as economically terribly backward within the sense that they need very little
access to the resources for their development, low rate of literacy,
comparatively little population size, dwindling in numbers and a few of the
groups are at the verge of extinction. In 1973, the Dhebar Commission created
the Primitive Tribal Groups (PTG) as a separate category, less developed among
tribal groups. In 2006, the Indian government changed the name of the PTGs to
In this context, in 1975 the Government of India initiated the identification of
the most vulnerable tribal groups as a separate category called PVTG and
declared 52 such groups, while in 1993 another 23 groups were added to this
category, making a total of 75 PVTG out of 705 scheduled tribes. The PVTG have
some basic characteristics, they are largely homogeneous, with a small
population, relatively isolated physically, with no written language, relatively
simple technology and a slower rate of change, etc.
State-wise list of PVTGs shows that there are 75 communities, that are
distributed in four states: Bihar, Odisha, Chhattisgarh and West Bengal, however
on the opposite hand, a tribe enjoys the standing of PVTG in one state but not
into another state. If solely the names of the tribes are considered, the
quantity of the communities within the list could also be reduced to some
extent. they're distributed in numerous ecological zones on the far side the
state boundaries with huge variation in subsistence pattern, technological
development, ways that of living and call with outside world similarly like
completely different worldviews in respect with neighbourhood so referred to as
Origin Of The Crisis For The Reang Tribe
Over two decades ago, Bru were targeted by the Young Mizo Association (YMA),
Mizo Zirwlai Pawl (MZP), and a few ethnic social organisations of Mizoram who
demanded that the Bru be excluded from electoral rolls in the state as they were
not indigenous to their state. In October 1997, following ethnic clashes, nearly
37,000 Bru fled Mizoram's Mamit, Kolasib, and Lunglei districts to Tripura,
where they were sheltered in relief camps.
They were sheltered in temporary camps and sustained efforts since 2010 were
being made by the government for providing rehabilitation to these individuals.
By 2014, 1622 families had returned to Mizoram. Another agreement was formed on
3rd July 2018, requiring the community to return to Mizoram. Only 328 families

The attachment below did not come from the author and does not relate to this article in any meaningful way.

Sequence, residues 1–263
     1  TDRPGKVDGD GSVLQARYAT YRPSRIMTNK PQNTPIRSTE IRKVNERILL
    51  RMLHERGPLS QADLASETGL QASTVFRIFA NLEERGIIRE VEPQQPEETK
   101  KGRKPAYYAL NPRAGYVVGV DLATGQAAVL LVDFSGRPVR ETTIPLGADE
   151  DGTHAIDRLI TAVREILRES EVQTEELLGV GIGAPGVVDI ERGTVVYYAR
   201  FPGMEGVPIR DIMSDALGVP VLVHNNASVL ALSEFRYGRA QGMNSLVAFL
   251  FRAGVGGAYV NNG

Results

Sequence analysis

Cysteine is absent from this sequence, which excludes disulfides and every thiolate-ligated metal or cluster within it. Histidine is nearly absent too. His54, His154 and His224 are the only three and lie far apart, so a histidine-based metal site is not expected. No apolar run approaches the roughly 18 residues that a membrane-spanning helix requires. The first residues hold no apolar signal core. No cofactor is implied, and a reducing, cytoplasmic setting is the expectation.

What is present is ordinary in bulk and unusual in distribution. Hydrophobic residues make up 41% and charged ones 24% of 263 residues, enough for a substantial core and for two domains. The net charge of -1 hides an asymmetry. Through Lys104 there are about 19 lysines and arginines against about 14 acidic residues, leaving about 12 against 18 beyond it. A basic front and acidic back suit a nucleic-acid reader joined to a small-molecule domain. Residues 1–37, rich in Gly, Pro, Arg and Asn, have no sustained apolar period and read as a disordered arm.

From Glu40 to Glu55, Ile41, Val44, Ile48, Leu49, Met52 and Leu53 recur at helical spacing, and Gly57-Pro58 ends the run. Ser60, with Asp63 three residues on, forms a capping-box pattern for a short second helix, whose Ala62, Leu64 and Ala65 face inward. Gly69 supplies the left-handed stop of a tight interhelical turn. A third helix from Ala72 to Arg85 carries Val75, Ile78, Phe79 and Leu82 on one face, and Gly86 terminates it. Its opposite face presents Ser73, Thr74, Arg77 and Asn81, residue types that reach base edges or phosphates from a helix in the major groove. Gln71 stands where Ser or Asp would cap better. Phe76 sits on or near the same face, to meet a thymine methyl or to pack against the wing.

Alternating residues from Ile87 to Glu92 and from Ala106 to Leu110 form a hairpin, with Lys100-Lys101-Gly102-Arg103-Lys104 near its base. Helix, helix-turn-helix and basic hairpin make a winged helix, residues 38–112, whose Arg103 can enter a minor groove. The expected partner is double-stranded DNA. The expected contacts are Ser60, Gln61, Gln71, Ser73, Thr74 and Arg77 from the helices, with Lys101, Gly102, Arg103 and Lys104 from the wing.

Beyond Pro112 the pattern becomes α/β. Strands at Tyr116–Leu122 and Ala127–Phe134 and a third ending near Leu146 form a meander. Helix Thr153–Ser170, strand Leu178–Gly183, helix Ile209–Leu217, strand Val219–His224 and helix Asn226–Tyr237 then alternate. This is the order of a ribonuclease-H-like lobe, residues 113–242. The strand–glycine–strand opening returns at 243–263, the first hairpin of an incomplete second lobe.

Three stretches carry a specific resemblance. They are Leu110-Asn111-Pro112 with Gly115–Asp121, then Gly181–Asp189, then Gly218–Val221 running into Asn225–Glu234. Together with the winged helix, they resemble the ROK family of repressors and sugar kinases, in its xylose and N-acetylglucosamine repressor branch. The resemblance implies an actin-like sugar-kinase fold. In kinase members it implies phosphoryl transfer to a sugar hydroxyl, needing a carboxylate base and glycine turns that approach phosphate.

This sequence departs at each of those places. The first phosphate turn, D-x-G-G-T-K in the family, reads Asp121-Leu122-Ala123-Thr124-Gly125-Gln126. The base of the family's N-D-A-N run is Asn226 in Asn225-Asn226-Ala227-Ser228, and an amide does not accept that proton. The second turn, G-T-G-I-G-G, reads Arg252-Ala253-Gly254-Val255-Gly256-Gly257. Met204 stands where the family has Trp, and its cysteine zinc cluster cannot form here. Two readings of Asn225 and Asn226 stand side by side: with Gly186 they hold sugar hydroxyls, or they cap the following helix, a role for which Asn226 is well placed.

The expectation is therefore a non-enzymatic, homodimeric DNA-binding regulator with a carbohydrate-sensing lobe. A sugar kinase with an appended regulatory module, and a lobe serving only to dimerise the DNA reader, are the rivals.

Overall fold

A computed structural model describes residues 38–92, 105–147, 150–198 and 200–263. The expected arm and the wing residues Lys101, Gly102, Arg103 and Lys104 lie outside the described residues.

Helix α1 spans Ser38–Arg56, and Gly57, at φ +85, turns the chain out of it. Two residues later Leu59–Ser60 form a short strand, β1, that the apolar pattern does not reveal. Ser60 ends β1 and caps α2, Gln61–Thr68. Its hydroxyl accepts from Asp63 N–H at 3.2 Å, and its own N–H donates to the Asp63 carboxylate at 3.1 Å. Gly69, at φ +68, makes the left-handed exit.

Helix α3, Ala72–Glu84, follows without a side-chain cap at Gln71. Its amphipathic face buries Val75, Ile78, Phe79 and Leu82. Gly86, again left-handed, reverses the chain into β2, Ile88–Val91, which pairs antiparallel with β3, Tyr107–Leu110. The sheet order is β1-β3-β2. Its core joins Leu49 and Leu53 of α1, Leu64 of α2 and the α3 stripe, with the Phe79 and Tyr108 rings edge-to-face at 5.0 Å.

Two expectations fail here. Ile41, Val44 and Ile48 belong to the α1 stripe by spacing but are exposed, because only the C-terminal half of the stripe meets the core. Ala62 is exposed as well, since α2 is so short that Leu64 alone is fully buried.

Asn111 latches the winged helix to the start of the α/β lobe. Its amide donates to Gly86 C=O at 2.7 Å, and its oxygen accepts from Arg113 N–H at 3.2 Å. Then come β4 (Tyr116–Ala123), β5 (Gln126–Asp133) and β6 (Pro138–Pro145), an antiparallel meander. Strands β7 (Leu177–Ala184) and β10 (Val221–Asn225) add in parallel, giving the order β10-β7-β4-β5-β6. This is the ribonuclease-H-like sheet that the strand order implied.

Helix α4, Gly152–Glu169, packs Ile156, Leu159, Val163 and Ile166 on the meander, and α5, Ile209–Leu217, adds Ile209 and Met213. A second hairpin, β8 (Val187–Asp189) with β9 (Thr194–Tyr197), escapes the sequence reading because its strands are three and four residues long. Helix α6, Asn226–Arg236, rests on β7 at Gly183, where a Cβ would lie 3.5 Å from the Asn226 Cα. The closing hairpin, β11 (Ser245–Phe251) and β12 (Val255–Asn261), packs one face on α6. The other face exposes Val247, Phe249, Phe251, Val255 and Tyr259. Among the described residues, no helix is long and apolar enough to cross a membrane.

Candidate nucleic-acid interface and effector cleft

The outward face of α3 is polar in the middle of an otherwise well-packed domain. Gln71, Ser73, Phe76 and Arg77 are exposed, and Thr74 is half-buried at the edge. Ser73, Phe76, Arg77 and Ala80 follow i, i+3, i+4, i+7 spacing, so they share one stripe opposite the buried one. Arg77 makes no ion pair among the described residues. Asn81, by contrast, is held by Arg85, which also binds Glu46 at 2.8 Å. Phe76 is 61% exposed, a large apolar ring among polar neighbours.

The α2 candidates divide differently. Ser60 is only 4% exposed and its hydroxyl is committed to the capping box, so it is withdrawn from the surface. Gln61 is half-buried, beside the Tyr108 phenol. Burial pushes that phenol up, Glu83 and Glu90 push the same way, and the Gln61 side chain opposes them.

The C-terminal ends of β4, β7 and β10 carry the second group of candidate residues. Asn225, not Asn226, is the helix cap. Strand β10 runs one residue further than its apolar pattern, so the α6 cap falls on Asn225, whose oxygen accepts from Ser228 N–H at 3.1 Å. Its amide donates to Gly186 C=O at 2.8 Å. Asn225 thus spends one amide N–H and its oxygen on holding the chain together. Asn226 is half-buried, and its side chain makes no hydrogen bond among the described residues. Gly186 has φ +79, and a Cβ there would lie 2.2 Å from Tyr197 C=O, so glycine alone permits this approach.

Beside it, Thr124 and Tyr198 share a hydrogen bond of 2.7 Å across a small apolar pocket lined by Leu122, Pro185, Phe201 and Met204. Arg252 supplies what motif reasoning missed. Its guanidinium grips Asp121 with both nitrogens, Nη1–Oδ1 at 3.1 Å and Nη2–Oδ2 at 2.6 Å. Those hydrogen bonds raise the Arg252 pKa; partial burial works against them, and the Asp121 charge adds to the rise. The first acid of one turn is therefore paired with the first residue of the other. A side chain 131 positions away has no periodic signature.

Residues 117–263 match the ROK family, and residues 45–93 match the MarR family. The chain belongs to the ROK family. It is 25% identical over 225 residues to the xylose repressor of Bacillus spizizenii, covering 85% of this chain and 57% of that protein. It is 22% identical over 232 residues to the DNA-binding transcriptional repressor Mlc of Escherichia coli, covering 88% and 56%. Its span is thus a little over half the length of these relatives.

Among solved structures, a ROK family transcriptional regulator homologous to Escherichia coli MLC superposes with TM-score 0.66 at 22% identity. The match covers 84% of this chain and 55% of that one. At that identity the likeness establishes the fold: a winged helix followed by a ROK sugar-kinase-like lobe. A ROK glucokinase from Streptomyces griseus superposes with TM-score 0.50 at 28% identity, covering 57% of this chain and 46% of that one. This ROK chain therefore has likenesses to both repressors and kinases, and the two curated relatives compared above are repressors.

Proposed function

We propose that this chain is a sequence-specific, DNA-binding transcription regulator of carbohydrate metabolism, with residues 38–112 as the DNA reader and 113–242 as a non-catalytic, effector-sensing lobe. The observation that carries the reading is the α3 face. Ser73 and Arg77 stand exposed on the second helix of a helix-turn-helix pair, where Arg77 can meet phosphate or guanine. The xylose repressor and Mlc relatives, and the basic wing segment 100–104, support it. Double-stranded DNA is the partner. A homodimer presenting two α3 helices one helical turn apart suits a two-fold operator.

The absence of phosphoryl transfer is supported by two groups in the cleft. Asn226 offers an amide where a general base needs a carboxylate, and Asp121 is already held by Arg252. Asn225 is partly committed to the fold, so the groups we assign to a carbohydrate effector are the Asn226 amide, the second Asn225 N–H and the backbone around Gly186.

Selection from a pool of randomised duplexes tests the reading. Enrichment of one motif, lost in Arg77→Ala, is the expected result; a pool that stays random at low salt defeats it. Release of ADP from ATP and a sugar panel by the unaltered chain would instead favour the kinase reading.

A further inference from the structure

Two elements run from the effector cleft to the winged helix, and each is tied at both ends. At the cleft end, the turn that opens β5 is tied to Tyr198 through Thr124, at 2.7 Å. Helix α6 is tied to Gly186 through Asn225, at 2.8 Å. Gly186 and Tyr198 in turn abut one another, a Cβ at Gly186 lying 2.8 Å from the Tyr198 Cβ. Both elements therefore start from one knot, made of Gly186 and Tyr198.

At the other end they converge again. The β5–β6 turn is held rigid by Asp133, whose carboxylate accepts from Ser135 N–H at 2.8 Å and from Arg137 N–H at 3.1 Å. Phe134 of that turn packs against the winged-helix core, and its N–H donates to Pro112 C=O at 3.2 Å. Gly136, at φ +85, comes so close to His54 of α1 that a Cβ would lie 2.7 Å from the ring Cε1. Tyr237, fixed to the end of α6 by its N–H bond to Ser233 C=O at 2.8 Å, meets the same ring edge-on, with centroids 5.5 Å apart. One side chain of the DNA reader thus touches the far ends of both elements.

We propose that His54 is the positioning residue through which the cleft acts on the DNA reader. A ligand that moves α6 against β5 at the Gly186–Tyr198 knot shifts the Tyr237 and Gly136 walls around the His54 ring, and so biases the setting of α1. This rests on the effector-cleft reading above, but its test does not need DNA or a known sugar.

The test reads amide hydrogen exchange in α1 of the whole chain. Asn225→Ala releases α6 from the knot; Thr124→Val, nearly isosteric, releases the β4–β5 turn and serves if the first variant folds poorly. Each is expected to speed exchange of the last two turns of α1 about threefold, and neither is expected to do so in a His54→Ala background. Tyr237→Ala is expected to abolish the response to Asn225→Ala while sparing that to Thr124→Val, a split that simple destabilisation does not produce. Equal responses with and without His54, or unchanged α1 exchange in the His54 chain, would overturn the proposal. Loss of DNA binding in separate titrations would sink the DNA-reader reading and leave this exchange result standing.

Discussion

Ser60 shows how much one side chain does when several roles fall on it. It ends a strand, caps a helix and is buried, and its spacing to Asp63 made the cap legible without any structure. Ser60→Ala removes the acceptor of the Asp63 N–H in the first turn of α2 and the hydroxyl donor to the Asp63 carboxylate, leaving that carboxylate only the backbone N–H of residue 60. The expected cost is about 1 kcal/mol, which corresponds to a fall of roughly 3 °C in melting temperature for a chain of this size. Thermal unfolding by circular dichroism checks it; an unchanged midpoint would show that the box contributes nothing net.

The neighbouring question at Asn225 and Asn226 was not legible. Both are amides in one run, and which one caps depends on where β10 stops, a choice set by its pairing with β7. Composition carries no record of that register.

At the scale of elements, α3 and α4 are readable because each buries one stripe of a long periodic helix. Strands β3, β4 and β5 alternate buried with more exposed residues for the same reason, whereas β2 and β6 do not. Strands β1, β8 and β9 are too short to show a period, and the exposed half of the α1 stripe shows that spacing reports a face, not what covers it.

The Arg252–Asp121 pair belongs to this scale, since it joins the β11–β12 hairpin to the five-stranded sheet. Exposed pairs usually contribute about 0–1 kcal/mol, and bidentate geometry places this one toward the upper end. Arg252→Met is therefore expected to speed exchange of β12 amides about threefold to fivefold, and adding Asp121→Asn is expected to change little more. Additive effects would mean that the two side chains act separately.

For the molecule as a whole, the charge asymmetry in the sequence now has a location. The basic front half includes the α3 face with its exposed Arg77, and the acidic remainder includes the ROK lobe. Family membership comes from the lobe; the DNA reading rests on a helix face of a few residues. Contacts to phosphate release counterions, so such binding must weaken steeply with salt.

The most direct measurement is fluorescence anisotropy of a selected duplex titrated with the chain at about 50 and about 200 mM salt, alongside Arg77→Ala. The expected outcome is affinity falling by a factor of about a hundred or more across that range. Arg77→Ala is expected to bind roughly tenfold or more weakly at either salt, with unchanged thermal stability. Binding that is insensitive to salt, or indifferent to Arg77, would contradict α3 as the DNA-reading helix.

consisting of about 1369 people accepted this agreement and returned back to
Conditions Of People In Refugee Camp
They are rendered "refugees" in their own nation with neither of the two
governments (Mizoram & Tripura) willing to give them full rights of a citizen.
They get a minimal ration of 600g rice/salt and Rs. 5/day/person, with minimal
support for livelihood. About 7,000 kids from the Bru-Raeng community in North
Tripura have in no way been to high school and they're dwelling in makeshift
camps that lack fundamental centres of healthcare and hygiene dwelling
conditions, in line with child rights body NCPCR .
In terms of healthcare, only two Primary Health Centres (PHCs) are functional
and available for the total population of the community living in all six camps
of North Tripura. A majority of the respondents neither benefited with any
health camps, nor received any subsidized medicine from the authorities, the
NCPCR said in the report.
Families living in the camps do not have access to basic necessities of life
such as clean drinking water, sanitation facilities and electricity. Several
members of the community do not have proper identification documents such as
Aadhar Card, Voter Id Card, Birth Certificate etc. due to which they face
various problems in their daily lives and in accessing financial and banking
Schemes For PVGTs
The theme for Development of Primitive Vulnerable tribal groups (PVTGs), came
into impact from Apr 1, 2008. The theme defines PVTGs because the most
vulnerable among the scheduled Tribes thus the and also the} theme therefore
seeks to prioritize their protection and development. It identifies 75 PVTGs.